Captain For Life: My Story as a Hall of Fame Linebacker
While football star Walter Payton's biography is making headlines, don't miss 'Captain for Life,' Harry Carson's poignant and revealing autobiography.
Without question, the blockbuster football book of this season has been “Sweetness: The Enigmatic Life of Walter Payton.” But there is another work that shouldn’t be lost under the pile of recent releases. That’s Harry Carson’s Captain for Life: My Story as a Hall of Fame Linebacker.
Payton, once a megawatt running back for the Chicago Bears, is surely is the better known of the two players, and his story, as told by biographer Jeff Pearlman, is a legitimate page-turner. Carson’s book, however, is every bit as fascinating, revealing, and poignant as Payton’s.
In a number of ways, the two players' stories are similar – yet also widely divergent. Both, for example, grew up in the deep South as integration dawned. Both were band members who emerged as high school football stars, went on to play at historically black colleges (Jackson State and South Carolina State), and captained pro teams in major Northern cities (Chicago and New York) that shed losing images to win Super Bowls. They also both played for coaches with outsized personalities (Payton for Mike Ditka and Carson for Bill Parcells) and were both elected to the Pro Football Hall of Fame, although in far different ways – Payton in his first year of eligibility, Carson in his 13th .
Payton became addicted to painkillers, while Carson, in the most disturbing development of his career, had to submit to random drug tests two or three times a week during his final season. The order came after he tested “dirty” in training camp, a finding Carson viewed as outrageously false and demeaning. The regular urine tests, which never provided any substantiating evidence, were kept quiet, but they still managed to create an awful cloud over an honorable player winding up an outstanding career.
The differences in personal lives of Carson and Payton are striking, with Payton a tragic, ultimately lonely and troubled, man who died at age 45, just 12 years after his football retirement. Carson, by contrast, is a rock of consistency, a person whose teammates came to depend on and trust him. He is the Walter Camp Football Foundation’s 2011 “Man of the Year,” a character award based on a person’s service to the game and the public. (The award presentation was made on Jan. 14 in New York).
That Carson’s Hall of Fame enshrinement took so long may have been due to his playing alongside Lawrence Taylor with the Giants. Carson was the hard-hat middle linebacker, charged with stopping inside runs amid the blur of bodies. Taylor, a flashy outside linebacker, used his speed and ferocity to become an electrifying defender and one of the foremost pass rushers in NFL history.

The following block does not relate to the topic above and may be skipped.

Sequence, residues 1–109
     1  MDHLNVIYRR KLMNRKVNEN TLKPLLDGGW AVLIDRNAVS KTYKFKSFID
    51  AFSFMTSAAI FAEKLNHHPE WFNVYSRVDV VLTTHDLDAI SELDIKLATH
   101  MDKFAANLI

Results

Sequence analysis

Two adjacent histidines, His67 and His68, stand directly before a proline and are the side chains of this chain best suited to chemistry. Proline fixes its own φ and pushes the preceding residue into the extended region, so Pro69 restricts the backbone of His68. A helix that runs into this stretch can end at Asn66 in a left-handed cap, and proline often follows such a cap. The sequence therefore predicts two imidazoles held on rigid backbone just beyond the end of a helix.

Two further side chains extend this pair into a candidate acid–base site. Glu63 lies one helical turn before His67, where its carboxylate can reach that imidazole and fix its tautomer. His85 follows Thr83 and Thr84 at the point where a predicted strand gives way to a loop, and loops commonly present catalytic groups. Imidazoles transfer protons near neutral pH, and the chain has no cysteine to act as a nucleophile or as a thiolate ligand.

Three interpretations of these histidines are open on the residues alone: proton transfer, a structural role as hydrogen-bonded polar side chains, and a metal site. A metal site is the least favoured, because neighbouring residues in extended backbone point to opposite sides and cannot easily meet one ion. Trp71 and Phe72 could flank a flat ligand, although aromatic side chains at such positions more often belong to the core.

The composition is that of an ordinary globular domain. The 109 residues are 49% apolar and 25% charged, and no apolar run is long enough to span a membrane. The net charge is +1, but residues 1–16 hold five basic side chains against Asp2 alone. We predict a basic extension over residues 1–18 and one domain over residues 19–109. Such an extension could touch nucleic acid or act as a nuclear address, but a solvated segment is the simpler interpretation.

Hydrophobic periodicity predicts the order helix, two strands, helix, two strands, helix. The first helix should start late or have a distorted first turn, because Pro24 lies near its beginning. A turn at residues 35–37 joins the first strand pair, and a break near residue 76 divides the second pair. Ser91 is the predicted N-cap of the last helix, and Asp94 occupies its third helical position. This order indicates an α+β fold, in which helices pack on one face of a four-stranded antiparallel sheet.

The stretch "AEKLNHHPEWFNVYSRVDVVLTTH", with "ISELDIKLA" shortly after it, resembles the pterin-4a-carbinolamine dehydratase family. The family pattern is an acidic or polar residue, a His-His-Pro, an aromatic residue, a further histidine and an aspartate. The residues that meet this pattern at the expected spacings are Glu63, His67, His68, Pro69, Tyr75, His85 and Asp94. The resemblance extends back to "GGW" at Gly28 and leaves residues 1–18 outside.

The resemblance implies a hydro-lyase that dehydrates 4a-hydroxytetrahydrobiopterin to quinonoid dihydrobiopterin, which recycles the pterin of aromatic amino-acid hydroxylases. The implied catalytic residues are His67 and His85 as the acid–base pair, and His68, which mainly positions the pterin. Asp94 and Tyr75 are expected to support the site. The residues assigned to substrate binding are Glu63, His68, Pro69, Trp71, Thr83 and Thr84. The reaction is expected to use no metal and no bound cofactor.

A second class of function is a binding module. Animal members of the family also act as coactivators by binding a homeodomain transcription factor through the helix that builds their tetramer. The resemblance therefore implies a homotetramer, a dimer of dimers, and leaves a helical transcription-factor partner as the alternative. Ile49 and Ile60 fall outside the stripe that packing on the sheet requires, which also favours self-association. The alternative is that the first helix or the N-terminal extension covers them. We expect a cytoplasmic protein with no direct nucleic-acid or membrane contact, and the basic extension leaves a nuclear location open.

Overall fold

For the record, Taylor made the Pro Bowl 10 times, Carson nine times.
Carson was tasked with anchoring the Giants defense from midway through his rookie season, a very tall order given that he’d played defensive line in college. Although making the transition to middle linebacker was not easy, he enjoyed the challenge of playing the most mentally demanding job on defense, one that, as he says, “was normally reserved for white guys.”
Over the years Carson’s name continued to move up as a Hall of Fame finalist. An Atlanta radio station once even mistakenly called him to say he had been elected. When the report proved false, Carson was crushed.
Making it to the Canton, Ohio, shrine, Carson indicates, was never on his career “to do” list. Nevertheless, the annual disappointment of falling short began to wear on him and his family and supporters.
At one point he considered coming out of retirement and signing a token $1 contract with the Giants in order to make him ineligible for the hall. (Active players are not on the ballot).
Finally, in an unprecedented move, he formally submitted a letter to the Hall of Fame, requesting that his name be removed from consideration. It was ignored by the hall, but when news of the letter spread, some fans and talk show hosts took Carson to task for stiff-arming away the honor.
But when he was finally elected in 2006, Carson decided the right thing to do was to accept the accolade for the sake of the family, friends, and teammates who had supported him throughout his career. At the induction ceremony, he used his 10-minute acceptance speech to urge the NFL and the players union to do a better job of taking care of retired players.
He has become a major advocate for his “pro football brethren” in the study of head trauma, an issue that he came to identify as a personal concern related to repeated head impacts from tackling. He, for example, has participated in neurological testing programs.
Because of the steep physical toll football can take on players, Carson has concluded that playing the game “was not worth the glory, fame, or the money.” In fact, he doesn’t recommend that parents encourage children to suit up.
The best thing about playing the sport, from his experience, is the people. He cherishes lifelong friendships made in the game and considers it his duty and privilege to act as a “captain for life” to those who’ve looked up to him.
Today, Carson is the president and CEO of Harry Carson, Inc., a sports consulting and promotion company based in Westwood, N.J. He also gives motivational talks and leads the Fritz Pollard Alliance, an organization named for the NFL’s first black head coach that promotes equal executive and nonplaying opportunities for minorities in the league.
Ross Atkin is a sports writer for the Monitor.